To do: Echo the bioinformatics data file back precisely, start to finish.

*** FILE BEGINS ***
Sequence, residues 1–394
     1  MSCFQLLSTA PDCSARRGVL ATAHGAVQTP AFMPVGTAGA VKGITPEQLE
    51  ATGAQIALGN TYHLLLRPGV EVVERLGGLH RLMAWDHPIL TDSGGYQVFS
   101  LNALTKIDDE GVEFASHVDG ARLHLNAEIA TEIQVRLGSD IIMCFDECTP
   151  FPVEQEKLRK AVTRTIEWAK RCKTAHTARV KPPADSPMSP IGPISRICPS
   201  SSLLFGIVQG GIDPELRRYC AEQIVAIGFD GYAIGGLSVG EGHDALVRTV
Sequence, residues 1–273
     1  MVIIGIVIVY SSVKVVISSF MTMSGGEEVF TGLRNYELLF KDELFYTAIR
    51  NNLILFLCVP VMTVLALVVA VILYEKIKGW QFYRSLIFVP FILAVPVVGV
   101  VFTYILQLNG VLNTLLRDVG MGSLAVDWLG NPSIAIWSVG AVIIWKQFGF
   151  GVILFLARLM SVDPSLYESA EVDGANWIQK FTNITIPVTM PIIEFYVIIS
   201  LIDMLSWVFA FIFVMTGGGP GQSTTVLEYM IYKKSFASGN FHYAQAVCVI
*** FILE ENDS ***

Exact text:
Sequence, residues 1–394
     1  MSCFQLLSTA PDCSARRGVL ATAHGAVQTP AFMPVGTAGA VKGITPEQLE
    51  ATGAQIALGN TYHLLLRPGV EVVERLGGLH RLMAWDHPIL TDSGGYQVFS
   101  LNALTKIDDE GVEFASHVDG ARLHLNAEIA TEIQVRLGSD IIMCFDECTP
   151  FPVEQEKLRK AVTRTIEWAK RCKTAHTARV KPPADSPMSP IGPISRICPS
   201  SSLLFGIVQG GIDPELRRYC AEQIVAIGFD GYAIGGLSVG EGHDALVRTV
Sequence, residues 1–273
     1  MVIIGIVIVY SSVKVVISSF MTMSGGEEVF TGLRNYELLF KDELFYTAIR
    51  NNLILFLCVP VMTVLALVVA VILYEKIKGW QFYRSLIFVP FILAVPVVGV
   101  VFTYILQLNG VLNTLLRDVG MGSLAVDWLG NPSIAIWSVG AVIIWKQFGF
   151  GVILFLARLM SVDPSLYESA EVDGANWIQK FTNITIPVTM PIIEFYVIIS
   201  LIDMLSWVFA FIFVMTGGGP GQSTTVLEYM IYKKSFASGN FHYAQAVCVI